Food pouches might be easy, but they might not be the best way to serve food to your kids.
That’s according to Courtney Byrd-Williams, behavioral scientist at the University of Texas School of Public Health, who recently oversaw a study about the dietary habits of babies and toddlers in Texas.
They are convenient, appetizing and seemingly healthy, which is why sales continue to grow, but the pouches can adversely affect a child in three ways: their overall eating habits, their experience with new foods and even their muscular development, she says.
When you’re a new eater, this could lead to lifelong struggles to enjoy eating vegetables that don’t taste like apples.
“We found that in most purees, it’s fruit and vegetables combined, and it’s predominantly fruit,” she says. Researchers didn’t find any pouches that were vegetable only, which means “kids aren’t learning to like kale, they are learning that kale tastes a lot like applesauce,” she says. That’s how they start to develop that preference for sweets at such an early age.
Even without added sugar, pureed foods aren’t as nutritional as their whole counterparts. A pouch can contain the same amount of sugar as what’s in several apples, “but not many people sit down and eat three apples in a row.”
Byrd-Williams, who has two children, says she understands the appeal, but she was surprised to see just how many pouches — sometimes more than one at a time — were in the lunchboxes sent to the daycares that were included in the study.
“It’s not about demonizing them, but we worry about overconsumption,” she says. “These pouches are a sometimes food. As long as kids are getting experience with whole foods in addition to the pouches, that’s the most important part.”
Food companies want parents to think that their baby-adapted food products, including pouches, are the only kinds of foods that they can eat, but Byrd-Williams says that you can start feeding a baby with table foods as soon as they are ready for solids, which is at about six months old but can be as early as four months.
This approach, often called baby-led weaning, is the opposite of pouches, she says. By touching food and feeding themselves with their hands, young eaters have a multisensory experience as soon as they start to transition off of a breast milk- or formula-exclusive diet, and that helps them naturally learn how to chew and swallow an array of foods.
When first introducing children to food, you can start with bananas, avocados and other soft foods they can gum, but babies have surprisingly sturdy gums that help break down foods, she says.
Infants have a more sensitive gag reflex than older children, which is nature’s way of keeping them from choking. Some parents, and especially grandparents, Byrd-Williams says, are particularly worried about young children when they trigger their gag reflex, but it’s important to let them try foods at their own pace so they can develop muscles in their mouth and throat that help them chew more kinds of foods and move that food around.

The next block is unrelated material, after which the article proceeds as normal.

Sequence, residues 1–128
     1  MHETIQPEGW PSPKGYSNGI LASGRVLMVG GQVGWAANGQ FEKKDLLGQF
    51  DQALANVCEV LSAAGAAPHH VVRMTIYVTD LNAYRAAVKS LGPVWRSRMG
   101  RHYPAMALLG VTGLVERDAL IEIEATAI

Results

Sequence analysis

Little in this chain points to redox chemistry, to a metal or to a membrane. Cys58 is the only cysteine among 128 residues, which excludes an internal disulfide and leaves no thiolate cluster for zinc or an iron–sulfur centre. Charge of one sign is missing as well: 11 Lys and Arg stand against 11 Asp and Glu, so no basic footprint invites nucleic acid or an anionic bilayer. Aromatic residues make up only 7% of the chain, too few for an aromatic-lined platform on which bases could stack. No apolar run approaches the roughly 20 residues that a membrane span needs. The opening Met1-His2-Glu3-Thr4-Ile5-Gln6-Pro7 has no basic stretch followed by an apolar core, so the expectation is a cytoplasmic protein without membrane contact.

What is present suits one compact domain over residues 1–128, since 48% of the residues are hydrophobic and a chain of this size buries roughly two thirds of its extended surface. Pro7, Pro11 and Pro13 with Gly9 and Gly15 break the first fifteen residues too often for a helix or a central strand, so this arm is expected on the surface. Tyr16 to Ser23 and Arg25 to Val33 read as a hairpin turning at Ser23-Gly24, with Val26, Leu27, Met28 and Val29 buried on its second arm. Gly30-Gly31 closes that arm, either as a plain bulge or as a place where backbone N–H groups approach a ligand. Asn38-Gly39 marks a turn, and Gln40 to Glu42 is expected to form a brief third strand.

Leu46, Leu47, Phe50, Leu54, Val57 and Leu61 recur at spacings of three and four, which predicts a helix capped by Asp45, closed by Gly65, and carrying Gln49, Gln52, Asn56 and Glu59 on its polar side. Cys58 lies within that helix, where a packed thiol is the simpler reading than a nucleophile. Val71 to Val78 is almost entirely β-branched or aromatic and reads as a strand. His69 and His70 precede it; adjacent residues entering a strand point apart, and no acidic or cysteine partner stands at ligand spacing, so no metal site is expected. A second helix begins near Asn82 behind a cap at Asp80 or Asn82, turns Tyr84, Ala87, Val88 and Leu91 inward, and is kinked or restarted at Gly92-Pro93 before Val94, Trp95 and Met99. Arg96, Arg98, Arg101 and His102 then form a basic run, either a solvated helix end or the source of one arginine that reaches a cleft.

Many parents will introduce a food to a child, and if they don’t like it, the parents will put the food on a list of “no” foods, but instead, Byrd-Williams recommends thinking of those foods as ones that the child is simply learning to like, even if they aren’t yet actually eating it.
Children often require 15 exposures to new foods before they like or accept it, she says, and although it’s a challenge to make food fun, you don’t have to cut up the fruit or vegetables in crazy shapes or serve them in a bento box to get kids to eat them.
Sometimes, the goal is just to have them smell, lick or “kiss” the surface to experience the food’s other sensory elements.
Another important lesson for parents to learn is to trust children when they say they are full. “An infant will turn its head away and that’s them telling them they don’t want it any more,” she says.
“The first thing to soothe a baby shouldn’t be food,” she says. Food can be calming, but you don’t want your child to immediately turn to food when they are seeking a calming activity.
Byrd-Williams says that kids also need role models to show them how to eat a wide variety of foods while sitting down at a table.
For example, if the only vegetables that parents eat are blended into a smoothie, the child isn’t going to learn how to eat whole vegetables on their own.